Opinion: Goodbye Hague, Hello Rotterdam



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 Updated:
11/22/2010 12:00:00 PM

By Jim Mahoney
Transportation Attorney

This Opinion piece appears in the Nov. 22 print edition of Transport Topics. Click here to subscribe today.

Here’s a forecast from those of us who write and review numerous transportation contracts: A new international law looms ahead that will be very beneficial to truckers if we strategize to take advantage of it.

Globalization continues to change the motor carrier industry, and with the Rotterdam Rules sailing into our legal waters, we will soon replace the Hague Rules of 1924, under which the United States enacted the Carriage of Goods by Sea Act, also known as COGSA.

As those involved in surface transport know quite well, the Carmack Amendment to the Interstate Commerce Act, first enacted in 1906, addresses our liability for cargo lost or damaged in interstate and adjacent foreign commerce, generally preempting state laws on contracts and negligence.

Sometimes, however, COGSA and Carmack intersect and clash.

COGSA governs rights and responsibilities among owners or insurers of cargo on the high seas, and its terms are incorporated by reference in most bills of lading for the foreign transport of goods to or from the United States.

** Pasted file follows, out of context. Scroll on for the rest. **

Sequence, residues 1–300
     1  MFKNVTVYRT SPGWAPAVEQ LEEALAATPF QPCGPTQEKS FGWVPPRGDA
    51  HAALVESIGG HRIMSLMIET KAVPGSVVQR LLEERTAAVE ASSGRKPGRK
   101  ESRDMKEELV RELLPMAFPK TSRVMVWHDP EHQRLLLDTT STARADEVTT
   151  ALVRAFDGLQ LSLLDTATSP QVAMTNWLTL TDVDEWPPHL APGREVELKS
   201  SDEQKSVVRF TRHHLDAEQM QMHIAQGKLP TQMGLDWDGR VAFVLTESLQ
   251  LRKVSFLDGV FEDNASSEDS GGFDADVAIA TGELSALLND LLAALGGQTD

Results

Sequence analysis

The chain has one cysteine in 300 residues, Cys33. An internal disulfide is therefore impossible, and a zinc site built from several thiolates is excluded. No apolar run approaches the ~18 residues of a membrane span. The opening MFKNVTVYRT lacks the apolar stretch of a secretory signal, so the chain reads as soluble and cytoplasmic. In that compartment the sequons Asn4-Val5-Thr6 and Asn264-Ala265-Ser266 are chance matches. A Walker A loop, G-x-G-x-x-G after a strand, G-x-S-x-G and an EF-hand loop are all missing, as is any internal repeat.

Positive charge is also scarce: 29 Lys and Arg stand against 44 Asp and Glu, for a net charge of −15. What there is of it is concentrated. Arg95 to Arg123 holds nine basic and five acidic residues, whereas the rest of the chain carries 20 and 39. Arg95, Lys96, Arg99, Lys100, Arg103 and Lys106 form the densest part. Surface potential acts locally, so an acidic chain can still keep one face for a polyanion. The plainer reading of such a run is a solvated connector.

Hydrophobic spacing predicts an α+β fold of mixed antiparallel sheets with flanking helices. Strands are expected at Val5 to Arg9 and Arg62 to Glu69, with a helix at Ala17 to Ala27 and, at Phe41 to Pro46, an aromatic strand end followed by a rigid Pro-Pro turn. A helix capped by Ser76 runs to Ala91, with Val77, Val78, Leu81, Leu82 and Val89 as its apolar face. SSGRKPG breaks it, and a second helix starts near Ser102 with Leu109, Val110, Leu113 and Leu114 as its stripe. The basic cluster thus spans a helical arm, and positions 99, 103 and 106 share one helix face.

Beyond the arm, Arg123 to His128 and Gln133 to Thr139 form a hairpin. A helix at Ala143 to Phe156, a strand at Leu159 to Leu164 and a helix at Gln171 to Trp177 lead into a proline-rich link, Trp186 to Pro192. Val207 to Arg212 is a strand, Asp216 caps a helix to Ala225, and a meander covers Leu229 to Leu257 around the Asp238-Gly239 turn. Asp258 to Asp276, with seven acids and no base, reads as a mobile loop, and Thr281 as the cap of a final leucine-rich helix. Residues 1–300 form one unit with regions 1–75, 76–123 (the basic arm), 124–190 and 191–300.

Most such foreign BOL contain a “Himalaya clause,� i.e., a clause purporting to extend liability limitations that benefit the carrier to others acting as agents for the carrier, for example, stevedores or longshoremen. These clauses have been used successfully to limit motor carriers’ exposure beyond the traditional “tackle to tackle� liability under COGSA.

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Last summer, the U.S. Supreme Court confirmed the 9th Circuit and reversed the 2nd Circuit with its ruling in Kawasaki Kisen Kaisha v. Regal-Beloit Corp. As a result, it is now the law of the land that Himalaya clauses extend COGSA limitations to surface carriers — or at least to inbound shipments.

In contrast with Carmack, COGSA contains some juicy strategic limitations such as a one-year statute of limitations and the ability to contract for shorter claim reporting requirements than Carmack’s nine-month minimum.

The COGSA limitation most attractive to motor carriers is the $500 limit generally applied on a customary freight unit (CFU) or package. Never, under COGSA, will we be liable for an amount greater than the actual value, as we might be under Carmack. That’s reassuring for planning purchases of cargo insurance.




© 2010, Transport Topics Publishing Group. All rights reserved.

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